The judge in his summing up to the jury did not inform the jury of the Section 38(3) limitations with respect to drawing an inference as to guilt and the defendant was convicted of a lessor offence.  The Court of Appeal while allowing the appeal rationalized the limitations on the right to silence as follows:Section 35 changed the law with respect to the right to silence and the privilege against self-incrimination but was not in contravention of Article 6 of the European Convention on Human Rights.  This wa so because Section 35(4) maintianed the right to silence by providing that the defendant could not be forced to testify at his own trial.Section 38(3) provided protection of the right to silence and the privilege against self-incrimination by preventing a conviction solely on the basis of the accused person’s opting to remain silent.The burden of proof remained on the prosecution throughout the criminal trial.The judge and the jury is permitted to draw inferences of guilt from the defendant’s silence to the extent that it advances the prosecution’s case.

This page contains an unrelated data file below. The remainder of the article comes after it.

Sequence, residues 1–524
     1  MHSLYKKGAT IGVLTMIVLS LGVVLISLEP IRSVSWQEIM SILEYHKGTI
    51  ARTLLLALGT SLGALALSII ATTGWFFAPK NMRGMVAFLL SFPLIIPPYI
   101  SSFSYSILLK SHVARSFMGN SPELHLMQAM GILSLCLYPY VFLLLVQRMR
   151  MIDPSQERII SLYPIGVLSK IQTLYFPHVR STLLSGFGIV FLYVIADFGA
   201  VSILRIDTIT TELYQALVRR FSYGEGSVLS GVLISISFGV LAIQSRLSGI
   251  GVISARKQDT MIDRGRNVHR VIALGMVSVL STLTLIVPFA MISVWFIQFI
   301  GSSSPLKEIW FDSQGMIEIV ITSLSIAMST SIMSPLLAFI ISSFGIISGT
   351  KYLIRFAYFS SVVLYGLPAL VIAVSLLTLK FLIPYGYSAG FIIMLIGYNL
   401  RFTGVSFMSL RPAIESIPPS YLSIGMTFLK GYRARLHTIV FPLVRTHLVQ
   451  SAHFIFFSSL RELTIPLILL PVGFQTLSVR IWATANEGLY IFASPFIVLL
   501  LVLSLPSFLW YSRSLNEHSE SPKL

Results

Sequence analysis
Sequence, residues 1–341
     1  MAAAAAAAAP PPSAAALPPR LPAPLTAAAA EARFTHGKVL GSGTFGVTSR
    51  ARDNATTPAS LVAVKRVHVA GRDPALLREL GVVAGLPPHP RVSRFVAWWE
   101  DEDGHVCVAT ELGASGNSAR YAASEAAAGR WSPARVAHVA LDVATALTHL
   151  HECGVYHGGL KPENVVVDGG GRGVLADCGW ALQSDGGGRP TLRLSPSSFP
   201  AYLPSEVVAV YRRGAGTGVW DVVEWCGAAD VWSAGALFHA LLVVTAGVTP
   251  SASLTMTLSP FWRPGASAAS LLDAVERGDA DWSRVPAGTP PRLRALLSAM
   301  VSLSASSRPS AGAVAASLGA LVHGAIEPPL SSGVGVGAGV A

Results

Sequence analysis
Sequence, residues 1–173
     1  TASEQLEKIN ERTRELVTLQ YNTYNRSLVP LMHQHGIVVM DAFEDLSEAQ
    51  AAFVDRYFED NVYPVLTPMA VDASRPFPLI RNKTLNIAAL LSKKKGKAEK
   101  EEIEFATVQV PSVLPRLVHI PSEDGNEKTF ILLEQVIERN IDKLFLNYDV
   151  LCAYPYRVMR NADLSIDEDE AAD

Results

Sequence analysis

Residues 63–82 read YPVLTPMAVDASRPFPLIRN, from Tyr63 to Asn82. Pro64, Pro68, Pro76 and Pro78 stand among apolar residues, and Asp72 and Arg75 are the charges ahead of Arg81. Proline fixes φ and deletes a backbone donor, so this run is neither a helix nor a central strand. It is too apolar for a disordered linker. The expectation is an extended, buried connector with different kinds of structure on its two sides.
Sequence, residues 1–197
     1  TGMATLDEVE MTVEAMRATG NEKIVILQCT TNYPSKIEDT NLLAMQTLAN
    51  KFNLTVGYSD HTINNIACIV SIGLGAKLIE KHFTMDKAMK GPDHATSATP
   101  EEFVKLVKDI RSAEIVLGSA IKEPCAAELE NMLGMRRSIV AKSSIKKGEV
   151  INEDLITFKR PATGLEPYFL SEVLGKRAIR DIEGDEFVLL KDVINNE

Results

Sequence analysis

A jury could only draw an inference of guilt if they were satisfied after the close of the prosecution case that there was indeed a prima facie case against the defendant.[13]In R v Birchall [1999] Crim L.R. 311 the Court of Appeal reinforced the Cowen principle that a jruy is not permitted to draw an inference of guilt unless and until they were safisfied that the prosecution had made out a prima facie case against the defendant.

[14] The difficulty with this guideline is self-evident.  The question of whether or not a prosecution has made a prima facie case or whether or not the defendant has a case to answer is a question of law and as such is a question for the trial judge and not the tribunal of fact.  This proviso does nothing to exemplify or advance the privilege against self-incrimination, it compromises it further by creating confusion.Be that as it may the courts have expressed dissatisfaction with the operation of the right against self-incrimination for some time prior to the enactment of Section 35 of the Criminal Justice and Public Order Act 1994.  In general the courts had become increasingly frustrated with the defendant who invoked the priviledge solely for the purpose of perverting the course of justice.